1877 $50 Thirty-year Registered 4% Consol
$740 Million Issued
Like other sovereign-issue consols, this debt security has no definitive payable date. The bond is redeemable at the pleasure of the Treasury Department after July of 1907. This security, known on the government's books as the Funded Loan of 1907, was issued between 1877-1879. The interest on this security was paid quarterly: January, April July, and October. The back of this security features the Treasury's transfer form for registered bonds. Also featured are two parallel blue-colored anti-counterfeiting swaths imbedded within the paper itself.
The only $50 registered consol known to exist from this year, and one of two registered 1877 Consols known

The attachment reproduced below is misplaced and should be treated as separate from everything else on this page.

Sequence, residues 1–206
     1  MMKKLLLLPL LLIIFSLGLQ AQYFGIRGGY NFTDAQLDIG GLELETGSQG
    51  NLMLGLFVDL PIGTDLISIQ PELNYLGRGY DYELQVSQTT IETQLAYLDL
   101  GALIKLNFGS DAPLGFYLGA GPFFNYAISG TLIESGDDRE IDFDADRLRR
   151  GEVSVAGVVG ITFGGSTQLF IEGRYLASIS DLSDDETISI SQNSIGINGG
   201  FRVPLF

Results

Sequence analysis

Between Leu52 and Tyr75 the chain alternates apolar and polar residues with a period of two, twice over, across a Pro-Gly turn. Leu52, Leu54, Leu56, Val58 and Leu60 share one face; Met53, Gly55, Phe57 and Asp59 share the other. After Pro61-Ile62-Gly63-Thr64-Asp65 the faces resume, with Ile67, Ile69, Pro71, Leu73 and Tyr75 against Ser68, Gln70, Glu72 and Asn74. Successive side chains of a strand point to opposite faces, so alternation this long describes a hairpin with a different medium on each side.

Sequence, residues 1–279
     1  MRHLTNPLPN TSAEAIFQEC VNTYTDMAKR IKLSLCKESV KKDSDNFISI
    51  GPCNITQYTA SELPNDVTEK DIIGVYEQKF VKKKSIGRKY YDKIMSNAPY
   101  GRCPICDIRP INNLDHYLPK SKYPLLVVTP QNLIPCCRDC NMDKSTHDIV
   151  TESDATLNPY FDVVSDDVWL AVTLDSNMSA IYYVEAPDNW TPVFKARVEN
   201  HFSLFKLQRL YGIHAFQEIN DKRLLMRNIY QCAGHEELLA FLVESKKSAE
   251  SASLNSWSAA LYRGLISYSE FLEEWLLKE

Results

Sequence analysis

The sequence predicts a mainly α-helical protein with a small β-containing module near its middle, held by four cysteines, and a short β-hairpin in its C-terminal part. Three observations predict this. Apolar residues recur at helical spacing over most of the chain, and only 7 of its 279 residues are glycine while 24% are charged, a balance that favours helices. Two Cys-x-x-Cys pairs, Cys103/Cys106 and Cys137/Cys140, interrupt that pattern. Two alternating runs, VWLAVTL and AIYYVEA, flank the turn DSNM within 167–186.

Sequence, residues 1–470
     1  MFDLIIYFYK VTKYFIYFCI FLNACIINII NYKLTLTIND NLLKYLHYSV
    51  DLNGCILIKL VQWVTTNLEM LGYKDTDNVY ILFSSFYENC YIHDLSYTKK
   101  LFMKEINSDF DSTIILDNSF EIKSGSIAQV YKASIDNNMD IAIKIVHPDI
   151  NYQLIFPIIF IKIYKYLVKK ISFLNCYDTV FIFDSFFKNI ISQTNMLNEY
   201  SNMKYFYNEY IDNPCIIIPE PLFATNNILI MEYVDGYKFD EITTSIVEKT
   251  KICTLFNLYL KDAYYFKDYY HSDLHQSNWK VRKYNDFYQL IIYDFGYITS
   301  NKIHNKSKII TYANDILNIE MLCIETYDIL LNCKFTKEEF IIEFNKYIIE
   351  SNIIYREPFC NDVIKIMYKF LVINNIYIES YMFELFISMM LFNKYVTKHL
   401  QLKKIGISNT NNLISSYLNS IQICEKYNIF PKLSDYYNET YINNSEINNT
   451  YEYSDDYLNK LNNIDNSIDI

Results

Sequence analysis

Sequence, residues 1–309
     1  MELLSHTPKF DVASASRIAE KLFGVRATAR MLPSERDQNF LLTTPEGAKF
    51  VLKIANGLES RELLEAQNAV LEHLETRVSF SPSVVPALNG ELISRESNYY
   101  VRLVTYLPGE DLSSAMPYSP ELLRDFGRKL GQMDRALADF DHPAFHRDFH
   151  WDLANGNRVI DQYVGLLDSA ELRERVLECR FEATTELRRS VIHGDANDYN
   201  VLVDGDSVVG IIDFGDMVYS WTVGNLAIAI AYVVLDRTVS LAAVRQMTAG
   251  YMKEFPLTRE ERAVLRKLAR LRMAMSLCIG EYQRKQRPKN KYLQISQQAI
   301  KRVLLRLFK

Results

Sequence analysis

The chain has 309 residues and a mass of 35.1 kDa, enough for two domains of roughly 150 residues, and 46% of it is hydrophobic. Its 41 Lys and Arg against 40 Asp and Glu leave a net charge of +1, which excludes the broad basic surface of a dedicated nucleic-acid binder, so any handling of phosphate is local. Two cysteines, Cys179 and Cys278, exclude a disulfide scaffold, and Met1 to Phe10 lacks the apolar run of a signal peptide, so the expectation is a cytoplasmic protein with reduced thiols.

1877 $100 Thirty-year Registered 4% Consol
$740 Million Issued
This $100 Registered Consol features a two shilling tax ink stamp. According to the June 17, 1916 issue of the Commercial and Financial Chronicle, the British Government imposed this tax on Americans, domiciled in the UK, on U.S. securities held that were subject to British income tax. The Chronicle was a financial journal styled after the Economist, predating the Wall Street Journal. Of note also is the fact that, in the case of this particular security, the bond was due to for redemption by the Treasury well before the British tax would have been imposed.
The second of two registered 1877 Consols known outside the archives of the Bureau of the Public Debt
1877 $50 Consol Quarterly Interest Coupon
Fifty Cents, Payable July 1, 1886
Consols came in both registered and coupon (bearer) forms. As of today, there is one surviving bearer example from the 1877 issue, displayed at the Higgins Museum of National Bank Notes in Okoboji, Iowa. There are however several surviving examples of coupons from the 1877 Consol issue. It is thought that these coupons were clipped and used at times in lieu of coinage.
One of several coupons known from the 1877 issue
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